On not finishing books

On not finishing books

During his sermon Sunday, Bill quoted a long passage from the novel Gilead.  As a side note, he mentioned that a couple of years ago he had been unable to finish the novel.  He’s thoroughly enjoying it now, but, back in 2005, he just couldn’t get through it.  He’s not alone. 

Richard Mouw, the president of Fuller Theological Seminary, recently admitted that he has never been able to finish Augustine’s Confessions

“Sometimes I get 30 pages into the book before I allow myself to get distracted. Months later I pick the book up again, and decide I should start over. I have never gotten past page 30.  It’s good to go public about this failing. I’m glad others have blazed the trail by admitting to their faults in this category. This is moral progress.”

Of course, Mouw acknowledges that not reading the Confessions never kept him from quoting it.*

Pierre Bayard wrote the 2007 book How to Talk About Books You Haven’t
.  Bayard told the New York Times he wrote the book to help French
students (he’s a professor there) “conquer their fear of culture”:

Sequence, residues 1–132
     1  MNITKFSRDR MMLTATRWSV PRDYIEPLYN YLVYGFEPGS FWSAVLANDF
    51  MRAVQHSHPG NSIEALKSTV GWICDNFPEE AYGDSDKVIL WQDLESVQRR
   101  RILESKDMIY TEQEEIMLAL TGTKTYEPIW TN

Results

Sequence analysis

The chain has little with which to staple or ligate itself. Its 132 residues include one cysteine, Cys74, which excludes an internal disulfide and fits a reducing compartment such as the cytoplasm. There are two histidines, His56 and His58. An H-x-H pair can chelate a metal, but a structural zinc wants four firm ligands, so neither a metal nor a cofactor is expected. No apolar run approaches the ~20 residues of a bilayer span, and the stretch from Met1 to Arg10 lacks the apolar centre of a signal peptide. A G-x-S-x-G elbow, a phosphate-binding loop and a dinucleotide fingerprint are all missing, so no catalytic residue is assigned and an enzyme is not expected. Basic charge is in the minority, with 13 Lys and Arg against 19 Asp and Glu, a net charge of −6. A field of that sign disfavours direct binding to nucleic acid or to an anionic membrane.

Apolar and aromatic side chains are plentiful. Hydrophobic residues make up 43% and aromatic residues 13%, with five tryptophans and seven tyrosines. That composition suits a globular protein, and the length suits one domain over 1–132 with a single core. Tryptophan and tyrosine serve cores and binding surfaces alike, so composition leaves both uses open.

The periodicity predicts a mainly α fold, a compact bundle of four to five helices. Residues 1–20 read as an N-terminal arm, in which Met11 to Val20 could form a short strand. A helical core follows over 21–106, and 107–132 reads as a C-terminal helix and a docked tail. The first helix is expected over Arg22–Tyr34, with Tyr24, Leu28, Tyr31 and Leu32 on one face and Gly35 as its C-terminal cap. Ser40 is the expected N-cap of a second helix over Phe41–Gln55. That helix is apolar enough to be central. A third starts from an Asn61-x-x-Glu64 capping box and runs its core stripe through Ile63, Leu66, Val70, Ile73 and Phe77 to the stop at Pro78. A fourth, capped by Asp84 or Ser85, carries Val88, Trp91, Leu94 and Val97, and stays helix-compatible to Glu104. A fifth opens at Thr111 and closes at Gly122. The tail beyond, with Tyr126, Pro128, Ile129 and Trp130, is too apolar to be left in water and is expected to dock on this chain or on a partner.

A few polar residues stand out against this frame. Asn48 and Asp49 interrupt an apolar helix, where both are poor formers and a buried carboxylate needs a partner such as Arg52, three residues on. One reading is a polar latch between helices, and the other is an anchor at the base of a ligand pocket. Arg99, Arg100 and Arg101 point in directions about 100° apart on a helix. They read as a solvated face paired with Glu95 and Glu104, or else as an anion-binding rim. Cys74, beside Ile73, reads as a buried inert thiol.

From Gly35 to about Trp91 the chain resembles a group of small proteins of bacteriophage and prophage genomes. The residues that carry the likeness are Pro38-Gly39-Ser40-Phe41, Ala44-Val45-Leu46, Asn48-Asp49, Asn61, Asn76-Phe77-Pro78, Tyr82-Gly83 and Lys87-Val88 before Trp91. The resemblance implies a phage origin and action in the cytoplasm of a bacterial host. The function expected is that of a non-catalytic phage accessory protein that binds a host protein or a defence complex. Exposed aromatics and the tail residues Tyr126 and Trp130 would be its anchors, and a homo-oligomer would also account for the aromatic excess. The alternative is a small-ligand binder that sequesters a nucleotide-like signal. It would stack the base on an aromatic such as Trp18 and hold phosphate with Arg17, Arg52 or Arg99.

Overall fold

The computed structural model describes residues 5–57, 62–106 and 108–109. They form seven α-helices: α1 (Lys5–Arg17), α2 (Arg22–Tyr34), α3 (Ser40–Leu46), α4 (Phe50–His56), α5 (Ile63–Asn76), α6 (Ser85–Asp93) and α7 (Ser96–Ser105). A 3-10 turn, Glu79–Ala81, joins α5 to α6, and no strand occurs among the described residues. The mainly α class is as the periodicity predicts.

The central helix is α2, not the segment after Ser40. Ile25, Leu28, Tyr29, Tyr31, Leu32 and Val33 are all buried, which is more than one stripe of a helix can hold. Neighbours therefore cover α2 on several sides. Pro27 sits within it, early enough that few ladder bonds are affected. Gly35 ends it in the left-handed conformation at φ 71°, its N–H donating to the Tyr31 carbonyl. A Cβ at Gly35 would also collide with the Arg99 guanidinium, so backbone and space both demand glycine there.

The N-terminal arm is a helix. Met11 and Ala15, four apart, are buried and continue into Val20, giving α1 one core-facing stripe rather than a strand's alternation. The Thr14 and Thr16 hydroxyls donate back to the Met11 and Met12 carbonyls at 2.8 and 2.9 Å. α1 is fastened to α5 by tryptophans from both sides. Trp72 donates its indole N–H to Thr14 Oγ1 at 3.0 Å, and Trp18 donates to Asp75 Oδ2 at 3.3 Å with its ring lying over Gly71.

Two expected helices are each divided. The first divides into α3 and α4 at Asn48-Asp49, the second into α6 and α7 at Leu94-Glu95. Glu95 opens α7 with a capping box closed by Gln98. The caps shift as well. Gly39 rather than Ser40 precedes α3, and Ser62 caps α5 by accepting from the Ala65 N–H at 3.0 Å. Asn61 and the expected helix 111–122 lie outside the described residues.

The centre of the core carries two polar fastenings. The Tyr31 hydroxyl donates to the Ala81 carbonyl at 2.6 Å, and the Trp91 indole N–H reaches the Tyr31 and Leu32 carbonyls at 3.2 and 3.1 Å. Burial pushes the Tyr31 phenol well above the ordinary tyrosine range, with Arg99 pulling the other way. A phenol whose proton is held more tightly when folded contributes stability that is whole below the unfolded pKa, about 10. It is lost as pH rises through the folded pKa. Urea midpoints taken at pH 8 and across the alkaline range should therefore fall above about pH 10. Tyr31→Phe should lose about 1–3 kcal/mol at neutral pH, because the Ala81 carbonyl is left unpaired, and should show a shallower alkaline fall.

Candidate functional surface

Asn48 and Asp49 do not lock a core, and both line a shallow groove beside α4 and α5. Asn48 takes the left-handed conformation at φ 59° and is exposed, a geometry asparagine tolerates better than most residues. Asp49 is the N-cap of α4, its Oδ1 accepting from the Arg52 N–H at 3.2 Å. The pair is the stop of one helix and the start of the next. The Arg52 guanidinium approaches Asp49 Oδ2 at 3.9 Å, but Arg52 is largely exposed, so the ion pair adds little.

“We are taught one way of reading. Students are told to read the book,
then to fill out a form detailing everything they have read. It’s a
linear approach that serves to enshrine books. People now come up to me
to describe the cultural wounds they suffered at school. ‘You have to
read all of Proust.’ They were traumatized.
They see culture as a huge wall, as a terrifying specter of
‘knowledge,’ But we intellectuals, who are avid readers, know there are
many ways of reading a book. You can skim it, you can start and not
finish it, you can look at the index. You learn to live with a book.
I want people to learn to live with books. I want to help people
organize their own paths through culture. Also those outside the
written word, those who are so attached to the image that it’s
difficult to bring them back.”

Reading is hard. And, it’s getting harder.  The Atlantic Monthly has
published an article entitled Is Google Making us Stupid?  asserting
that the internet – digital communication – is causing a fundamental
shift in how we obtain and assimilate knowledge.  Our capacity for
contemplation and meditation is being diminished while we instantly fill our
heads with something called content.


*Disclosure:  A couple of weeks ago I posted Ron Hansen’s book Exiles on this blog.  I haven’t read it.